For other readers, this would be an account or sub-account you could open with your bank. The key is to separate your Christmas savings from your everyday money, so you don’t accidentally spend it. You can set up an automatic transfer between your own accounts or an automated pay disbursement with your payroll manager.

A piggy bank wearing a Christmas Santa hat sitting in fake snow: How much to save for Christmas

Do your Christmas shopping early

Use sales events (end of financial year sales, Black Friday, etc.) to do your Christmas shopping early. This also leaves plenty of time for shipping if you like to buy online. But whatever you do, don’t get hoodwinked into impulse buying for things you don’t need. Stick to your gift list like egg to nog.

Manage expectations

Just because a previous Christmas was lavish, doesn’t mean they all have to be. If you’re not in a financial position to repeat history, manage your family’s expectations by having an open and honest conversation.

It’s also wise to save for Christmas throughout the year and start your shopping early so you can keep your eyes peeled for quality items, such as second-hand bikes, toys, fashion and furniture.

Be honest about your income

Does your workplace close down over Christmas? Do you take unpaid leave? If your income might be affected by the festive season, make sure you factor in reduced pay into your Christmas budget calculations.

Six dice in a row sitting on a stack of gold coins that spell out the word income: Budgeting for Christmas

Share the load this Christmas season

Organising Christmas doesn’t need to fall on the shoulders of one household. As you’re planning Christmas, talk with your friends and family about ways to share the load. Can each person bring a dish to share? Or chip in some money for a combined Christmas food budget? You can apply the same approach to gift-giving. Secret Santa is a great Christmas saving tip as it helps to keep your spending under control, especially with big families and work teams.

What other costs should I take into account during the festive season?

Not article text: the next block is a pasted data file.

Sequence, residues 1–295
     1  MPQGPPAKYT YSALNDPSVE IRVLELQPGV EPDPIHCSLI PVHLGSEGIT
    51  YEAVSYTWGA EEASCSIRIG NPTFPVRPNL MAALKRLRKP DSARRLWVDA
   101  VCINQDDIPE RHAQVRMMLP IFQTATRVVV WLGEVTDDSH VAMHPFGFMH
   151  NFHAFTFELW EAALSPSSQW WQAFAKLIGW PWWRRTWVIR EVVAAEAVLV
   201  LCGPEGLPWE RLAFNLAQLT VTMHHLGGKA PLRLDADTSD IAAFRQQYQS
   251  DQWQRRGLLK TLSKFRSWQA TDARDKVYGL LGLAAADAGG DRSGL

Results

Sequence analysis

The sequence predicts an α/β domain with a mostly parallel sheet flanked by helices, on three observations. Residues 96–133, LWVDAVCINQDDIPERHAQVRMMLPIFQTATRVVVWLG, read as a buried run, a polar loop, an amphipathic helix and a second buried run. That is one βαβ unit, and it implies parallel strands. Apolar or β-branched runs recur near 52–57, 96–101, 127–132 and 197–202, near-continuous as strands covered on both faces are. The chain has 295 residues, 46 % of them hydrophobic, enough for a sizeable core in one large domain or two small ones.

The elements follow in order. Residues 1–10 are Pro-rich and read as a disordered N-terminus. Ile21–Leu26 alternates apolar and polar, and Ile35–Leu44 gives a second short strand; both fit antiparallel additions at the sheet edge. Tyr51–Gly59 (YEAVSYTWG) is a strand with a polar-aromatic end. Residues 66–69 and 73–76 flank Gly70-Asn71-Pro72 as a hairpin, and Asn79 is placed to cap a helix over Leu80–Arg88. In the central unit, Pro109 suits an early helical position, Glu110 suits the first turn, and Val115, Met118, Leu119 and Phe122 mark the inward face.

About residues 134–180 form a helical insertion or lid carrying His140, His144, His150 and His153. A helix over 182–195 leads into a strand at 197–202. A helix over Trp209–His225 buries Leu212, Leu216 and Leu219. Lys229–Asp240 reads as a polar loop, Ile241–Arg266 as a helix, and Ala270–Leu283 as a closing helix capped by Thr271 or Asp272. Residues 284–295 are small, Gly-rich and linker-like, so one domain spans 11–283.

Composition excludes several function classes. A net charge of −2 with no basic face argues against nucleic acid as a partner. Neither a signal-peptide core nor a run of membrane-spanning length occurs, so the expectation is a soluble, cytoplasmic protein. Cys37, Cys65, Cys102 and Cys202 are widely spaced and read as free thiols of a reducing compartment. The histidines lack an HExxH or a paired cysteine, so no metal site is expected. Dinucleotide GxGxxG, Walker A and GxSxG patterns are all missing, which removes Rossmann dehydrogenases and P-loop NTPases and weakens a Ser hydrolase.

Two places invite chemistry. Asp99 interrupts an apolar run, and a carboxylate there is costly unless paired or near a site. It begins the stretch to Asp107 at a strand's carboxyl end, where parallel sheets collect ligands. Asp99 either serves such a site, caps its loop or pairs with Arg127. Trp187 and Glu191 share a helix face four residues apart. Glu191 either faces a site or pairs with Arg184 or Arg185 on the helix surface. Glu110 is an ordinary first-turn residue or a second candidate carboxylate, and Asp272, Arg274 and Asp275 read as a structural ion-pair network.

Christmas is more than just gifts. A Christmas budget primarily focuses on the presents but remember, we also need to factor in:

  • Christmas lunch/dinner
  • Christmas snacks
  • Stocking fillers
  • Wrapping paper
  • Christmas decorations
  • Work parties
  • Going out

The list goes on!

Saving some receipt coupons can help to shave off a few dollars at that last minute shopping trip. Loyalty programs like FlyBuys and Woolworths Rewards are also good to accrue throughout the year so that come Christmas time, you have a bit more in the kitty than you’d initially expect.

Make sure you’re budgeting for Christmas fun because after all, that’s what budgeting is for—ensuring you have enough money to afford the things you love!

Santa doesn’t do Christmas alone and neither should you

Everybody knows that Santa doesn’t make Christmas happen on his own. Aside from the amazing Mrs Claus, he has a whole team of helper elves. The same goes with taking control of your money—you don’t have to do it on your own. For free help with budgeting, talk with us at any time. MyBudget’s personal finance fairies and expert money elves are always here to help you save for Christmas!

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This article has been prepared for information purposes only, and does not constitute personal financial advice. The information has been prepared without taking into account your personal objectives, financial situation or needs. Before acting on any information in this article you should consider the appropriateness of the information having regard to your objectives, financial situation and needs.